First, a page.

Emerson, Lake & Palmer – Brain Salad Surgery. The band – a supergroup, the music – epic Prog, the artwork – H R Giger – it all comes together in this album. This is an album I bought at the time and still possess and play today.
The Sensational Alex Harvey Band – I saw SAHB live at the Sheffield City Hall on 26 May 1976. I remember the day as it was my Birthday and I had bought a pair of Blue Suede Creepers. My Mum had given me the money and I went out into Sheffield and bought them. This was a big deal!
In the evening, at that concert, it was the first time I had seen a two-tier stage. There was a wall built out of breeze blocks that Alex burst through during the set. This presaged Pink Floyd by several years. They played “Delilah”, “Give My Compliments to the Chef”, “Vambo”, “Framed” among others. I bought the albums “Live” and “Tomorrow Belongs To Me”. I still own and play “Live”. “Tomorrow Belongs To Me” is a great album (again, a fantastic cover) and I bought it again on CD many years later. The vinyl went the way of others but that’s for later. SAHB were always rich in storytelling and theatre which I really liked. “Tomahawk Kid” is a great song. Probably my favourite, in the Top 3.
In Concert – Part I
This time was also a time of of my first concerts.
I am annoyed that I never kept a diary of all the concerts I went to. I have to rely on memory although I never attended a bad one and they all should have stood out, they fade with time. So, here is a list of remembered concerts in the time of Rock & Prog. They are not the large, London-based concerts and there are many bands I never got to see but these I did
- Suzi Quatro, Cozy Powell, Arrows
- This was the first concert I ever went to. It was at the Sheffield City Hall and I remember sitting down! But I was very near the front. Cozy Powell was phenomenal and Suzi Quatro was cool: leather jumpsuit, big Bass and that voice – “Devil Gate Drive”, “Can The Can”, “48 Crash”…
- I still have the Concert program
- Lynyrd Skynyrd
- 1975 or 1977
- Sheffield City Hall
- Before members of the band, including Ronnie Van Zant were killed in a plane crash
- Thin Lizzy
- 4 November 1976 or 18 April 1979
- Sheffield City Hall. I remember Phil Lynott’s black bass with its mirror pick guard sending a beam of light up to the Gods. This was one of the concerts where I wasn’t downstairs, at the front. I was upstairs, in the Gods. Still an amazing atmosphere…
- “Whiskey in the Jar”
- The Sensational Alex Harvey Band
- As discussed above – 26 May 1976
- Truly sensational
- Boxer, Crawler, Moon
- This was an ‘on spec’ concert. I had no idea who the three bands were. They were three bands on the same label, touring together. Crawler were formed from Back Street Crawler, after Paul Kossoff’s death. I remember the concert but it wasn’t one of my favourites…
- Barclay James Harvest
- 7 October 1976
- Such a great band, creating great songs and albums of beauty
- This was at the time of “Octoberon”. I remember the album cover being displayed in large cardboard cutouts at the venue. A favourite cover.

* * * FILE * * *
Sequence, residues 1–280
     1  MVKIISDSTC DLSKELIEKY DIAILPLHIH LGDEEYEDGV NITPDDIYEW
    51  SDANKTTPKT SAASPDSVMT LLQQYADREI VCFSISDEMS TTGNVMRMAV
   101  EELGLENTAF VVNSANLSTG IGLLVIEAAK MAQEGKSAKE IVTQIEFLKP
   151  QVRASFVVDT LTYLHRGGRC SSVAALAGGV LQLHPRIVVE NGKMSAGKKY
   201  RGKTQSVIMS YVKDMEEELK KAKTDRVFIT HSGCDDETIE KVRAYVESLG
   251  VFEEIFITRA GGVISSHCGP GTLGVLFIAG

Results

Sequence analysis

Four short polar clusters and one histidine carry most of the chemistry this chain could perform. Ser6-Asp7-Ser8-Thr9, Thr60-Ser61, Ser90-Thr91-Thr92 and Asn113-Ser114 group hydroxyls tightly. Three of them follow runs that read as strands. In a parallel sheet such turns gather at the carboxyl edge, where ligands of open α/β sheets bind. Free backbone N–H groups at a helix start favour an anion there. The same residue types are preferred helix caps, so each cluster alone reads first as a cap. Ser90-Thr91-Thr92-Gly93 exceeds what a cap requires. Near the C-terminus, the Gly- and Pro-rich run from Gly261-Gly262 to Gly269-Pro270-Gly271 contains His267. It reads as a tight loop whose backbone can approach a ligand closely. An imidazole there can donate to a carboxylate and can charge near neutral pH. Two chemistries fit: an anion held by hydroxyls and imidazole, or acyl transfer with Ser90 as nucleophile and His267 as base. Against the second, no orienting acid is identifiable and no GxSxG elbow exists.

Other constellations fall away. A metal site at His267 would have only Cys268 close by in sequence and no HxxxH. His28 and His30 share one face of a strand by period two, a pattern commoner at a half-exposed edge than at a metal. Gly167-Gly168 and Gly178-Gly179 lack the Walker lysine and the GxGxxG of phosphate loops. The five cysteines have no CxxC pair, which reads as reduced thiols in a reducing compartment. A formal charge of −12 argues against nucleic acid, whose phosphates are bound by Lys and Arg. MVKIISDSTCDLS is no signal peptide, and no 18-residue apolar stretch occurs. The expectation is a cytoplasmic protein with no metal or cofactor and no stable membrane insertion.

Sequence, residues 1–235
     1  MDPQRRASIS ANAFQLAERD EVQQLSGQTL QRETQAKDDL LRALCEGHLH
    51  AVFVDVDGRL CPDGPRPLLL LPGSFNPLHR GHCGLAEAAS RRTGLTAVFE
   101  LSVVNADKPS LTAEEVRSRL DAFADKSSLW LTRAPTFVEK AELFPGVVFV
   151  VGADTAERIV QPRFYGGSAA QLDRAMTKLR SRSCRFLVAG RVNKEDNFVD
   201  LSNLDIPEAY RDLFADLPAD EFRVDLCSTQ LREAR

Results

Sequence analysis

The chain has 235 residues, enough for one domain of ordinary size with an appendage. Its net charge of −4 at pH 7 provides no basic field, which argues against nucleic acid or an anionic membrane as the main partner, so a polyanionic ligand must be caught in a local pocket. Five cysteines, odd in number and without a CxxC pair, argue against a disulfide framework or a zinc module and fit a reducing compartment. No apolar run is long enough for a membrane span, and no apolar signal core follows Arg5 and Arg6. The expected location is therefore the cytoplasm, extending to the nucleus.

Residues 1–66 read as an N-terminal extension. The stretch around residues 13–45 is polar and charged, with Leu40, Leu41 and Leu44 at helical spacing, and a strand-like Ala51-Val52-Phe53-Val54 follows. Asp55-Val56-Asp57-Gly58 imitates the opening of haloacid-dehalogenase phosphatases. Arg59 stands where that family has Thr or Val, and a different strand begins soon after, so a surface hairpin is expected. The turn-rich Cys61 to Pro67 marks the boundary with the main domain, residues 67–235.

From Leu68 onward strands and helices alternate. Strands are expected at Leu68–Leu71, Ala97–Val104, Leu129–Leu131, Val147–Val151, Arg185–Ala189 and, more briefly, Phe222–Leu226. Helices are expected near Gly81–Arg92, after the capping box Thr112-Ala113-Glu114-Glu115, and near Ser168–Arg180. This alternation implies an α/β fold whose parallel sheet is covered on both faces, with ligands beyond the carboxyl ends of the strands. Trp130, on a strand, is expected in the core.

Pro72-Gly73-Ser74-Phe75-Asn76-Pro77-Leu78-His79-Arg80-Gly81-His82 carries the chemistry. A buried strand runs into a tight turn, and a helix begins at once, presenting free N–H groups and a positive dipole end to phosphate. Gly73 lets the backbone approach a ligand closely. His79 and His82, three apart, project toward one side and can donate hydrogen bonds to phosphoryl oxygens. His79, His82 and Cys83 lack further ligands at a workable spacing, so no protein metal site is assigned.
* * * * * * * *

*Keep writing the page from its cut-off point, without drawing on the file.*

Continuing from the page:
- I still have the ticket from this concert
- “Rock ‘n’ Roll Star” a true classic among songs
- Nils Lofgren and Tom Petty & The Heartbreakers
- I hadn’t heard of Nils Lofgren but Tom Petty & The Heartbreakers – wow!.
- I remember Nils Lofgren somersaulting, via a small trampoline on stage
- Tom Petty & The Heartbreakers at the time of the album “Tom Petty & The Heartbreakers” with that tattoo of a heart and flying V guitar album cover
- Graham Parker & The Rumour
- Graham Parker was cool in black, with dark shades. The music had a more soulful vibe than I’d been used to but great concert
- I think they were supported by Southside Johnny & the Asbury Jukes
- “Hey Lord, Don’t Ask Me Questions”
- Either Sheffield City Hall 15.09.1976 Wed, Sheffield City Hall 23.09.1977 Fri or Sheffield City Hall 24.10.1978 Tue
- An absolute standout moment!
- Hawkwind have always been there and are still there today. Space Rock through to Punk and beyond…
- I bought “Space Ritual” and still own and play today.
- Be Bop Deluxe
- 5 February 197676 or 13 February 1978
- I remember the band members being in clear tubes, filled with coloured smoke and the smoke spreading as they stepped out. It was straight out of Spinal Tap, lol
- Great album cover to “Axe Victim” but never owned this or other Be Bop Deluxe albums
- “Maid in Heaven”, “Ships In The Night”
The one regret I have is not being able to queue up overnight, outside the City hall for tickets to see Bowie.
There Were Probably Others…
There are probably other concerts I went to but can’t remember. I’m pretty sure I saw Dr Feelgood but I can’t be sure. Maybe it’s just wishful thinking. I owned the album “Malpractice” and still do. There’s a newspaper cutting in the sleeve with the album and I must have put it there. Another great band. There’s quite a bit of diversity in all this and this is a good thing, I feel. All the above was a foundation upon which to build.
I was listening to Roxy Music, Mott the Hoople and Bowie but never got to see these bands live. However, where I didn’t get to see a band live, the albums released at this time more than made up for it. It was a great time to be alive in music, as musicfan6160.
Where Do We Go From Here?
A transition was occurring. I was wearing a Levi denim Jacket with patches, Falmer Jeans and Doc Marten boots. Other clothes I owned and wore were: a “One Eyed Jacks” brown & cream jumper, printed short-sleeved shirts and a black & pale blue Star jumper. I also had a pair of Oxford Bags possibly from Sexy Rexy’s! My hair was shoulder length. This was also tempered with wearing a button down shirt with a tie, tucked in to it, below the second button. I was emulating Ferry from Roxy Music. I can clearly remember walking through Sheffield Pond Street Bus Station like this. It was 1976.
There was a Maelstrom of music: Thames delta Blues from Dr Feelgood, Fashion & style-inspired Roxy, Zeppelin’s Heavy Rock, no nonsense AC/DC, fantasy-inspired Rainbow, High Prog from ELP – enter The Ramones.